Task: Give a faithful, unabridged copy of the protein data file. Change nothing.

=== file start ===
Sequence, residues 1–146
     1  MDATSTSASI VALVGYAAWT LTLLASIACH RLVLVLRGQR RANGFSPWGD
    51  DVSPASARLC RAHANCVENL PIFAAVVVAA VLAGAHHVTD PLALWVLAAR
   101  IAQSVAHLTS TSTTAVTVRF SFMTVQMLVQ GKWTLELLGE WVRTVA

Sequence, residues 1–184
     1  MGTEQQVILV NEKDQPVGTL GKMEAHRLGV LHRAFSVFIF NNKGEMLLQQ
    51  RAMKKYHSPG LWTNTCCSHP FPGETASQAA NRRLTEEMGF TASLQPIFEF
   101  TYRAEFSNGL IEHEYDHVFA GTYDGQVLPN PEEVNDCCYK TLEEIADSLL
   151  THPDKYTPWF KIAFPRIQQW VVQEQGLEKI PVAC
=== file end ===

Sequence, residues 1–146
     1  MDATSTSASI VALVGYAAWT LTLLASIACH RLVLVLRGQR RANGFSPWGD
    51  DVSPASARLC RAHANCVENL PIFAAVVVAA VLAGAHHVTD PLALWVLAAR
   101  IAQSVAHLTS TSTTAVTVRF SFMTVQMLVQ GKWTLELLGE WVRTVA

Sequence, residues 1–184
     1  MGTEQQVILV NEKDQPVGTL GKMEAHRLGV LHRAFSVFIF NNKGEMLLQQ
    51  RAMKKYHSPG LWTNTCCSHP FPGETASQAA NRRLTEEMGF TASLQPIFEF
   101  TYRAEFSNGL IEHEYDHVFA GTYDGQVLPN PEEVNDCCYK TLEEIADSLL
   151  THPDKYTPWF KIAFPRIQQW VVQEQGLEKI PVAC